Mária Valéria Bridge

Mária Valéria Bridge

Crossing the Danube, the Mária Valéria Bridge links Esztergom in Hungary with Šturovo in Slovakia.

But reading the sign on the bridge we learn that during the communist era it did not link Hungary with what was then Czechoslovakia for the simple reason that it had been left unrebuilt – if there’s such a word – since World War II.

How things have changed since its reconstruction. On a day trip from Budapest, my favourite city anywhere in the world, I was able to walk across the bridge from one country to the other without even having to show a passport.

The sign is in three languages: Slovak and Hungarian as one would expect together with English in its capacity as the international lingua franca.

The full stop at the end of each of the language versions feels redundant and there is clearly room for improvement in the English version, particularly in the positioning of the phrase ‘in 2001’. What follows is my attempt at an improvement.

Current English version:

The bridge which was destroyed in 1944, was renovated through financial contributions of the European Community, the Slovak and Hungarian Republics in 2001.

Proposed English version:

Destroyed in 1944, this bridge was reconstructed in 2001 with funding from the European Community and the Slovak and Hungarian governments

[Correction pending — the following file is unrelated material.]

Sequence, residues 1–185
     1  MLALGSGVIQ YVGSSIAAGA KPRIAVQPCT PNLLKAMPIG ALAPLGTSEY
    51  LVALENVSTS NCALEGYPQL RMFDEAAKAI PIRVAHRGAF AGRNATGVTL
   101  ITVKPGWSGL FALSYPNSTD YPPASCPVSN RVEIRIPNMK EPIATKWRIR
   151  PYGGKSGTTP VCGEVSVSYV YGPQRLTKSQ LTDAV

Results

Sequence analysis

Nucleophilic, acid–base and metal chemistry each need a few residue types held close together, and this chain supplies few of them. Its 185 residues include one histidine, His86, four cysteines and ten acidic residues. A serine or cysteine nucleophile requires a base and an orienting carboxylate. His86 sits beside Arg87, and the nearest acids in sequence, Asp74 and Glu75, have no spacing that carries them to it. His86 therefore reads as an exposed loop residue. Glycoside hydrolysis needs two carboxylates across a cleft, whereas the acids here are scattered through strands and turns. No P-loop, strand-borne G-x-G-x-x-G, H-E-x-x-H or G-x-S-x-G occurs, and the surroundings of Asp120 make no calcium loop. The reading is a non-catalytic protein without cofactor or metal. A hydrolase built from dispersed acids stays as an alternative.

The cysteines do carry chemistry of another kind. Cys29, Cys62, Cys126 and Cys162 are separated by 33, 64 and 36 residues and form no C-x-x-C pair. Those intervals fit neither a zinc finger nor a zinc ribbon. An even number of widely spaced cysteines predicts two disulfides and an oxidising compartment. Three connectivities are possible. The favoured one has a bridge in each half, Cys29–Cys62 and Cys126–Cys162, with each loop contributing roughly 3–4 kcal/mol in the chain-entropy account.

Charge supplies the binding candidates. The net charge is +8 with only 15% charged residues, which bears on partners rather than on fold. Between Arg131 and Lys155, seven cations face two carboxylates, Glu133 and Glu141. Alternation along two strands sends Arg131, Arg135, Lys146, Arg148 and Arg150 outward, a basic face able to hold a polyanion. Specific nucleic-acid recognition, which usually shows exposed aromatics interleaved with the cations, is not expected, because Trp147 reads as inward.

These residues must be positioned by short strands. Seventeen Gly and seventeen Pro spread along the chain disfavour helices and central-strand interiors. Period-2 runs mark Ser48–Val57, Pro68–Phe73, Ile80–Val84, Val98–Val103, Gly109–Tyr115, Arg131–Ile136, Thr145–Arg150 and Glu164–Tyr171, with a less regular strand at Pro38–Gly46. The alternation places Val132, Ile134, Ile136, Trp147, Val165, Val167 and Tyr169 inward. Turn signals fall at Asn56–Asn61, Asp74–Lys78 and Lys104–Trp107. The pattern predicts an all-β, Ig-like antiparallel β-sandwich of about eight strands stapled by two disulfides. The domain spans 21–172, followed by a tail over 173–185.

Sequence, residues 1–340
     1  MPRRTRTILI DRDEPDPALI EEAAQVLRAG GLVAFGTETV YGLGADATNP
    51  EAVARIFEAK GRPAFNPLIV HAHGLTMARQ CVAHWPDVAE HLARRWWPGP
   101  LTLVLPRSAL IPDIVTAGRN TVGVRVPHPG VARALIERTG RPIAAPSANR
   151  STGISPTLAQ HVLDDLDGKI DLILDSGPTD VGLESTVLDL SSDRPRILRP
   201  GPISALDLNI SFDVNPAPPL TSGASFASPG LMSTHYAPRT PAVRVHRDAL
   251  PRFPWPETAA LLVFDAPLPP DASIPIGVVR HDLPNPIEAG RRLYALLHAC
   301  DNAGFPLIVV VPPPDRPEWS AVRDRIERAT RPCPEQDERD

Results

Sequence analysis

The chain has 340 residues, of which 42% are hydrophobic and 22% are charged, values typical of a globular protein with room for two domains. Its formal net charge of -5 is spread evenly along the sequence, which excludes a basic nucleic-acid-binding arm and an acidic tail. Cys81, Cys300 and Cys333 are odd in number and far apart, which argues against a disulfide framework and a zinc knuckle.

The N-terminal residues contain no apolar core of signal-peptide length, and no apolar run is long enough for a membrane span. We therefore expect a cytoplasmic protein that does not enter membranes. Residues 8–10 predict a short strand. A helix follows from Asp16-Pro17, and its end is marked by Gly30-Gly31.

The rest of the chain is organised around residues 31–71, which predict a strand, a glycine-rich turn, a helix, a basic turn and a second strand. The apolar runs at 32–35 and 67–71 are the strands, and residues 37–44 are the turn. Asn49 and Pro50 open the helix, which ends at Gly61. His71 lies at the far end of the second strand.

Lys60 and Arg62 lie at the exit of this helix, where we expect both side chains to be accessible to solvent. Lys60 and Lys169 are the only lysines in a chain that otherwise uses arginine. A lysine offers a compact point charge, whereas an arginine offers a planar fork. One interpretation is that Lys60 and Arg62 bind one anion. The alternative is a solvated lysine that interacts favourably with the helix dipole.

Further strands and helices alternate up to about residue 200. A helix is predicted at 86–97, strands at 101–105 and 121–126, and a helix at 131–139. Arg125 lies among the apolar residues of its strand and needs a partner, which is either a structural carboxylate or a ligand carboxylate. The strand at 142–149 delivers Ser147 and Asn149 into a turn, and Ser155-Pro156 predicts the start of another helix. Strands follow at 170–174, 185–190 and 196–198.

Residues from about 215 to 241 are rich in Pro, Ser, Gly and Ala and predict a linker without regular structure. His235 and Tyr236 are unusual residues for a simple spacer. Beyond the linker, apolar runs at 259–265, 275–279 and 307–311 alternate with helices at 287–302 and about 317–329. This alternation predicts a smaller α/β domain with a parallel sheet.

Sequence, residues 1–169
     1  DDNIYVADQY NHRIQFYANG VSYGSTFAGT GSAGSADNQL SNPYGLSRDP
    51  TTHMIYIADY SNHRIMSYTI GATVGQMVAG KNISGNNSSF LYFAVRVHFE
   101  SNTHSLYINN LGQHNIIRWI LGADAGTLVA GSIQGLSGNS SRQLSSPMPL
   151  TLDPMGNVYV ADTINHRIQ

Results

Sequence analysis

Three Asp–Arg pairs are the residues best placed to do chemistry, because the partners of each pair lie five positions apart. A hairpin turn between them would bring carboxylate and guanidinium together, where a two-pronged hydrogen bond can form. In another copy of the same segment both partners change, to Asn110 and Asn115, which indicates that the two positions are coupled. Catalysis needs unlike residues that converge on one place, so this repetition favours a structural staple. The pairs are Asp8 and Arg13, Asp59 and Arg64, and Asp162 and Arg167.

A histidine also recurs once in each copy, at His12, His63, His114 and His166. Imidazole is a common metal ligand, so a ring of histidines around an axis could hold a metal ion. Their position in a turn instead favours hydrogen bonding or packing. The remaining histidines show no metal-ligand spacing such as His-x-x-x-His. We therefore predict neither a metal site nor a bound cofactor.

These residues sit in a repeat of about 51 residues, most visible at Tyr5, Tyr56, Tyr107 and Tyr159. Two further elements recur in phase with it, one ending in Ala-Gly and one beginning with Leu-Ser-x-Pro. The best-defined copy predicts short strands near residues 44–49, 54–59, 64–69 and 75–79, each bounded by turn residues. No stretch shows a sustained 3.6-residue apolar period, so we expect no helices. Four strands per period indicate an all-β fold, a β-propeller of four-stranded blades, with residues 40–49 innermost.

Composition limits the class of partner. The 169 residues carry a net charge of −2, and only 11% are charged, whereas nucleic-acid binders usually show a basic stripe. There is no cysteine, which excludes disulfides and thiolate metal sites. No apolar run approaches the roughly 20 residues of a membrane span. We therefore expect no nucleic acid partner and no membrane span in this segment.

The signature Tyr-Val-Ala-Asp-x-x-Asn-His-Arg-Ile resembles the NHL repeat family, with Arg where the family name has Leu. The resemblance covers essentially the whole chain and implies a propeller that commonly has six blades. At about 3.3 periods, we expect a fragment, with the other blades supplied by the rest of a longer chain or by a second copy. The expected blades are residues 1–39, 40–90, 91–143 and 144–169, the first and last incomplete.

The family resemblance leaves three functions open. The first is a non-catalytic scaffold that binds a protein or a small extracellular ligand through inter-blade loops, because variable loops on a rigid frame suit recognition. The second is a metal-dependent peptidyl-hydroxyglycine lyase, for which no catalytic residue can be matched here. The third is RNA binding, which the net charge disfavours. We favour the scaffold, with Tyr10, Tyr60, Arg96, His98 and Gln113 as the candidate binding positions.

As a postscript, I’m told that cipőfűző, which means shoelace, is regarded as the most beautiful word in the Hungarian language.

Presumably this has something to do with the three consecutive long front rounded vowels following hard on the heels of the initial – and therefore stressed – short front unrounded vowel: [ˈtsipø:fy:zø:]. And the fact that all the consonants in this word are front consonants only goes to confirm the rule – crosslinguistically – that words pronounced at the front of the mouth are generally regarded as more beautiful than words pronounced elsewhere. (I don’t suppose there is another word, consisting entirely of back vowels and consonants, regarded as the ugliest word in the Hungarian language.)

I’m not familiar with any word being regarded as the most beautiful word in English. While I have a particular affection for the words prehensile and genuflect, it’s not due to any specifically aesthetic qualities on their part.

Perhaps a language needs a phonological feature like vowel harmony, as Hungarian has, for its speakers to scan its lexicon in search of beautiful words.


(Photos taken in July 2010)